One of the diseases we find mentioned in early children’s case files is scarlet fever. In some cases children who contracted the disease recovered and went on to find employment or to return to their families. Sadly, some were not so fortunate.
Alice was five years old in 1890 when her mother died of tuberculosis. Three years later, Alice’s father was admitted into Birmingham Infirmary with the same disease, being described as “in the last stage of consumption” (an old term for tuberculosis). One of Alice’s brothers was admitted into Birmingham Infirmary at the same time suffering from a brain tumour.
With no-one else to look after them, Alice and her remaining brother were sent to Birmingham Workhouse. It was then that an application was made for Alice to enter the care of The Children’s Society (then known as the Waifs and Strays Society).
At seven years of age, in 1893, Alice entered The Society’s new home for girls in Handsworth, Birmingham, known as the Calthorpe Home.
Medical certificates were completed for all children who entered The Society’s care. Alice was seen by the medical officer at Birmingham Infirmary before entering the Calthorpe Home and was described as having good general health. It appeared that Alice had escaped the tuberculosis that had afflicted her parents. Unfortunately, there were many other diseases that could prove fatal to children in the late Victorian era.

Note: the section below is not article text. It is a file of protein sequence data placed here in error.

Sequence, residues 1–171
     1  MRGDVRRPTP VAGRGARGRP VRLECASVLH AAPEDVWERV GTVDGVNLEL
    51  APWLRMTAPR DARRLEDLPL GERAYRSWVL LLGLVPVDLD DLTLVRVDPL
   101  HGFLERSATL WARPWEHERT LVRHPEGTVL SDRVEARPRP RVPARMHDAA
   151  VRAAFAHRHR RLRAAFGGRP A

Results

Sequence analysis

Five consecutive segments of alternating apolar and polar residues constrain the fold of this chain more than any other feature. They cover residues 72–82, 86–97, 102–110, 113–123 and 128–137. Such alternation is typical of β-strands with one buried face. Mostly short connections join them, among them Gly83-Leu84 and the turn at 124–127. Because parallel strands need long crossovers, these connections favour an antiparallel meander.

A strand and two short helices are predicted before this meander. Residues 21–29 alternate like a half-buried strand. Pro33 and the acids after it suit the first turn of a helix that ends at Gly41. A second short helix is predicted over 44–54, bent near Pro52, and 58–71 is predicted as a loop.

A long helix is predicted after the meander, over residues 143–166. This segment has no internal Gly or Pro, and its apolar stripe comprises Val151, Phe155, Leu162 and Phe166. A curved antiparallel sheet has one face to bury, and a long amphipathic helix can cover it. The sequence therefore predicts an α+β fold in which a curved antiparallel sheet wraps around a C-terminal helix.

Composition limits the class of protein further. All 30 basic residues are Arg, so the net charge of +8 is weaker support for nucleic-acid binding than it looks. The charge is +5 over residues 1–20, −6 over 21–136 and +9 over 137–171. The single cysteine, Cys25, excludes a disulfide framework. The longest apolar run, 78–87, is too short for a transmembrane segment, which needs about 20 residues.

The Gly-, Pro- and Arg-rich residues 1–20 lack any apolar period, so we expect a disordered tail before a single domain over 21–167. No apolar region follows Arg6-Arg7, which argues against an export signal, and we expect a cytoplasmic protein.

One of the questions that the medical certificates asked was if the children had previously had certain diseases, such as whooping cough, measles, small pox or scarlet fever. Alice’s certificate states that she had had whooping cough but none of the other diseases, meaning that she could be susceptible to them not having been vaccinated against them.
The next we hear of Alice is in 1900, when she would have been fourteen years old. The letter from Handsworth is below.
[…] Alice [surname], one of
the first girls to enter the Home
6 1/2 years ago, died last week,
of scarlet fever & complications
at the Fever Hospital. It
is a great shock, as it was
not at all expected & she was
up & convalescent till Monday
when internal haemorrhage
set in & she died on Tuesday
There is no further correspondence about Alice’s illness in her file so it is not possible to know how long she had suffered from the disease or when she had gone to the Fever Hospital. What is clear is that her death from the disease was sudden and unexpected.
The fact that The Society’s medical certificates asked if the children had ever had scarlet fever shows that the disease was a common and a contagious one. Perhaps other children at the Calthorpe Home fell ill at the same time, although we won’t know without further research.
It would appear, then, that Alice’s brief life was beset by illness; both hers and her family’s. We can only hope that her years in the Calthorpe Home before she fell ill had been happy ones.